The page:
Effectiveness of the DASH Diet at Reducing High Blood Pressure

This study is ongoing, but not recruiting participants.
Information provided by (Responsible Party):
Paul Conlin, MD, Brigham and Women's Hospital
ClinicalTrials.gov Identifier:
First received: July 20, 2005
Last updated: July 18, 2014
Last verified: July 2014

The purpose of this study is to test the effects of the DASH diet in patients with isolated systolic hypertension.

Condition Intervention
Cardiovascular Diseases
Heart Diseases
Behavioral: Dietary Approaches to Stop Hypertension (DASH)
Behavioral: Control Diet

Study Type: Interventional
Study Design: Allocation: Randomized
Intervention Model: Crossover Assignment
Masking: Double Blind (Subject, Caregiver, Investigator, Outcomes Assessor)
Primary Purpose: Prevention
Official Title: Cardiovascular and Renal Hemodynamics and the DASH Diet

Resource links provided by NLM:

Further study details as provided by Brigham and Women's Hospital:

Primary Outcome Measures:
  • Changes in central aortic stiffness, diastolic relaxation, renal blood flow,and vascular response to Ang II [ Time Frame: Measured at 4 weeks ] [ Designated as safety issue: No ]

Estimated Enrollment: 55
Study Start Date: January 2006
Estimated Study Completion Date: October 2014
Primary Completion Date: June 2009 (Final data collection date for primary outcome measure)
Arms Assigned Interventions
Active Comparator: 1
Dietary Approaches to Stop Hypertension (DASH)
Behavioral: Dietary Approaches to Stop Hypertension (DASH)
4 week feeding intervention
Placebo Comparator: 2
Control diet
Behavioral: Control Diet
4 week feeding intervention

Detailed Description:


The study expands upon the findings of the Dietary Approaches to Stop Hypertension (DASH) study, which showed that a dietary pattern emphasizing fruits, vegetables, and low fat dairy products and overall reduced in total and saturated fat significantly lowers blood pressure (BP). The DASH diet is particularly effective in African Americans and in individuals with systolic hypertension. However, it is not known if the DASH diet affects the pathophysiology of the hypertensive process. Preliminary data support the possibility that the DASH diet interrupts the renin-angiotensin system. This raises the intriguing possibility that the DASH diet will favorably impact on cardiovascular and renal hemodynamics in patients with isolated systolic hypertension. Therefore, the central hypothesis of this study is that the DASH diet affects central aortic stiffness, diastolic relaxation, and renal and vascular reactivity to angiotensin II (Ang II) by lowering tissue renin-angiotensin system activity.


A randomized, crossover design will be used to compare the DASH diet to a control diet as defined in the original DASH protocol (NEJM 1997; 336:1117). Fifty-five community-dwelling individuals age 20 and older with systolic blood pressure (SBP) 140-179 mmHg and diastolic blood pressure (DBP) less than 90 mmHg will enter a 1-week run-in period eating both the control and DASH diets for 3-4 days each. Following this, participants will begin two 4-week intervention feeding periods receiving either the DASH diet or the control diet in random order. Clinical measurements will be taken at the conclusion of each 4-week feeding period.

Outcome measures: Specific measurements will include peripheral and renal vascular response to Ang II infusions, renal blood flow measured by para-aminohippurate (PAH) clearance, conduit vessel hemodynamics, and tissue Doppler imaging (TDI). At the end of each intervention feeding period, the clinical measurements will be made before and after acute administration of captopril, an angiotensin converting enzyme (ACE) inhibitor.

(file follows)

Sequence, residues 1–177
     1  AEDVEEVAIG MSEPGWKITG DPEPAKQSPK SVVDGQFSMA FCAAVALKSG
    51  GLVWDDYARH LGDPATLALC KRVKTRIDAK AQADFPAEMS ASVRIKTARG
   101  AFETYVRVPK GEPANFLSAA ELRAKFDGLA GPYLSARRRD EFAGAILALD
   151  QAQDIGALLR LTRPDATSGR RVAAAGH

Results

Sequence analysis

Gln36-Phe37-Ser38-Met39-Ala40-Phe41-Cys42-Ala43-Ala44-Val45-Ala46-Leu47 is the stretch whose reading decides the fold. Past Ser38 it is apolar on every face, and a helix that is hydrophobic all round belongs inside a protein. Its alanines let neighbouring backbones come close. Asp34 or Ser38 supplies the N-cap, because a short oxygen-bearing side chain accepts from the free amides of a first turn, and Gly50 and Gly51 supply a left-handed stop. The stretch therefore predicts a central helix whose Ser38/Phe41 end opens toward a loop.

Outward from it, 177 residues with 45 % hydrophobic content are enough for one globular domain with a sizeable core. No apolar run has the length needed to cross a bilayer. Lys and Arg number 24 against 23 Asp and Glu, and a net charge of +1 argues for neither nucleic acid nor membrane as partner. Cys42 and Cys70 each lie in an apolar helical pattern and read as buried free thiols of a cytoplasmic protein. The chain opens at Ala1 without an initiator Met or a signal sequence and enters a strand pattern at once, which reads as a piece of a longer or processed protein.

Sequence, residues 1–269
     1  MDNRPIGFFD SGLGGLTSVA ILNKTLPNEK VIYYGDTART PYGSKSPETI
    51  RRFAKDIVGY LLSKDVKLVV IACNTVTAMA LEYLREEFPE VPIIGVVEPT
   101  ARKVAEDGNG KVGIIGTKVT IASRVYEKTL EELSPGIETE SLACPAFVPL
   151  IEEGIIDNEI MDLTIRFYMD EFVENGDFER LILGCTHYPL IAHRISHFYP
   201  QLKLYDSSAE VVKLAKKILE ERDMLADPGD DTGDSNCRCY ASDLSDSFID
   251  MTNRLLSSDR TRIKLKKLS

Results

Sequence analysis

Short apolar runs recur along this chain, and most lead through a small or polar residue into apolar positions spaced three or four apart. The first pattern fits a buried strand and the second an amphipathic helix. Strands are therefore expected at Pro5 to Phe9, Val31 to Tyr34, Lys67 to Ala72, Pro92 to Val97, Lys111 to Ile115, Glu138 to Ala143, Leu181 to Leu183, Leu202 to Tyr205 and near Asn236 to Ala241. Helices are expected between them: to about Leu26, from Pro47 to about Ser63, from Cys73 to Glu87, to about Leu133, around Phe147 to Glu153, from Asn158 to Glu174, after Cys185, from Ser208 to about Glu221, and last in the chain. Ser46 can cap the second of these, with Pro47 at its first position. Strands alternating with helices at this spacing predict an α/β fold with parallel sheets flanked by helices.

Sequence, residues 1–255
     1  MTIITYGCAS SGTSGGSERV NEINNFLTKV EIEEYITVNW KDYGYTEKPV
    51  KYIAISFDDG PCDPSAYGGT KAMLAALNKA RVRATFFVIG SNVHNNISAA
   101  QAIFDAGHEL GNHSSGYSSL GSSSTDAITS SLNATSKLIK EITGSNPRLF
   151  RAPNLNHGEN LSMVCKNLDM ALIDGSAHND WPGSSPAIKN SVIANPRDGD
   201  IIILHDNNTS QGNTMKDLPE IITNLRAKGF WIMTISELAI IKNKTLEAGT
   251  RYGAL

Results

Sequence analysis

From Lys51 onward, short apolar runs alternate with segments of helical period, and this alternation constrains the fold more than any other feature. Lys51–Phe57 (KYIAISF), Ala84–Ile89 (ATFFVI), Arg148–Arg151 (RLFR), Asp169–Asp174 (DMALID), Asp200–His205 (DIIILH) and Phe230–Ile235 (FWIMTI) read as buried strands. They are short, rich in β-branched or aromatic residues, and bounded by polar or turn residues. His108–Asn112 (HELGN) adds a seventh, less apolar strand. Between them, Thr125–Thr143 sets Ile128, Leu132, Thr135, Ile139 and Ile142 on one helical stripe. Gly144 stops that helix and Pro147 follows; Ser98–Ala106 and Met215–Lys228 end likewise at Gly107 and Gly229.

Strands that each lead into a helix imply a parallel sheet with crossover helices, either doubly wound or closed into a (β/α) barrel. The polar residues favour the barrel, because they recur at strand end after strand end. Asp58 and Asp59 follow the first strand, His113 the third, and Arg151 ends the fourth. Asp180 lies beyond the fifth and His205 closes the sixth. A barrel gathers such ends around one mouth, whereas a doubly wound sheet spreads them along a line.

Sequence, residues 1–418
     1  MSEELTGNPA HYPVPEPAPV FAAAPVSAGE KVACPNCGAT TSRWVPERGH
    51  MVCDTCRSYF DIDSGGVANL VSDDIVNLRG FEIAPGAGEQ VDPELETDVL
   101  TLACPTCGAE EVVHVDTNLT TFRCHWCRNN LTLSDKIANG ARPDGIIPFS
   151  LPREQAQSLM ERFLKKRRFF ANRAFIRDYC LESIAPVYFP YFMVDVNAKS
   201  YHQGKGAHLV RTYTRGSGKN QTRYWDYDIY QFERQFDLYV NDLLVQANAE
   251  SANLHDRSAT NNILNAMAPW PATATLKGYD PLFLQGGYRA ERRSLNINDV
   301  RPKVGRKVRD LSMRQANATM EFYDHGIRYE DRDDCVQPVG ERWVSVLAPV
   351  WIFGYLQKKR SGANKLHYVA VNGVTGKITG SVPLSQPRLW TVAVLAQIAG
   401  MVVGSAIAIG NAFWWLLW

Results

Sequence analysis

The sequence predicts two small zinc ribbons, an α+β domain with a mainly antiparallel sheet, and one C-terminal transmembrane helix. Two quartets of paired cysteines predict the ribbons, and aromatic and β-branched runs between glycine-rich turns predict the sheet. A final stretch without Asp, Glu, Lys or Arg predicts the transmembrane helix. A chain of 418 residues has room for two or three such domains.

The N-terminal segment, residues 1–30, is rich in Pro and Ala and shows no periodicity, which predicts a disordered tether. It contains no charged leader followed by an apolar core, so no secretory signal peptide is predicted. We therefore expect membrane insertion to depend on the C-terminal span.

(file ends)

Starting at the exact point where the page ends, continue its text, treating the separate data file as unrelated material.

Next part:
The study will test whether the DASH diet (1) lowers central aortic stiffness as measured by vascular impedance and carotid-femoral pulse wave velocity; (2) improves diastolic relaxation as measured by early diastolic myocardial velocities across the mitral valve (Ea); (3) vasodilates renal blood flow and enhances vascular responses to Ang II; and (4) affects central aortic stiffness, diastolic relaxation, renal blood flow, and renal and vascular reactivity to Ang II by altering target tissue responsiveness to Ang II similar to ACE inhibition.


Ages Eligible for Study:   20 Years and older
Genders Eligible for Study:   Both
Accepts Healthy Volunteers:   No

Inclusion Criteria:

  • Isolated systolic hypertension: systolic blood pressure (SBP) in the range of 140-179 mm Hg and diastolic blood pressure (DBP) less than 90 mm Hg
  • Body mass index (BMI) less than 40
  • Current use of fewer than two blood pressure medications (which will be withdrawn prior to study)

Exclusion Criteria:

  • Major concomitant diseases that may include but are not limited to active pulmonary disease within the past 6 months
  • History of cardiovascular disorders such as angina, heart attack, heart failure, or stent placement
  • Active gastrointestinal disease, including prior gastrointestinal surgery
  • Renal disease with serum creatinine greater than 1.5 mg/dl (men) or 1.4 mg/dl (women)
  • Insulin-dependent diabetes mellitus
  • Current pregnancy
  Contacts and Locations
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Please refer to this study by its ClinicalTrials.gov identifier: NCT00123006

Sponsors and Collaborators
Brigham and Women's Hospital
Principal Investigator: Paul R. Conlin, MD Brigham and Women's Hospital
  More Information

No publications provided

Responsible Party: Paul Conlin, MD, Principal Investigator, Brigham and Women's Hospital
ClinicalTrials.gov Identifier: NCT00123006     History of Changes
Other Study ID Numbers: 229, R01HL077234, R01 HL77234
Study First Received: July 20, 2005
Last Updated: July 18, 2014
Health Authority: United States: Federal Government

Additional relevant MeSH terms:
Cardiovascular Diseases

ClinicalTrials.gov processed this record on September 03, 2015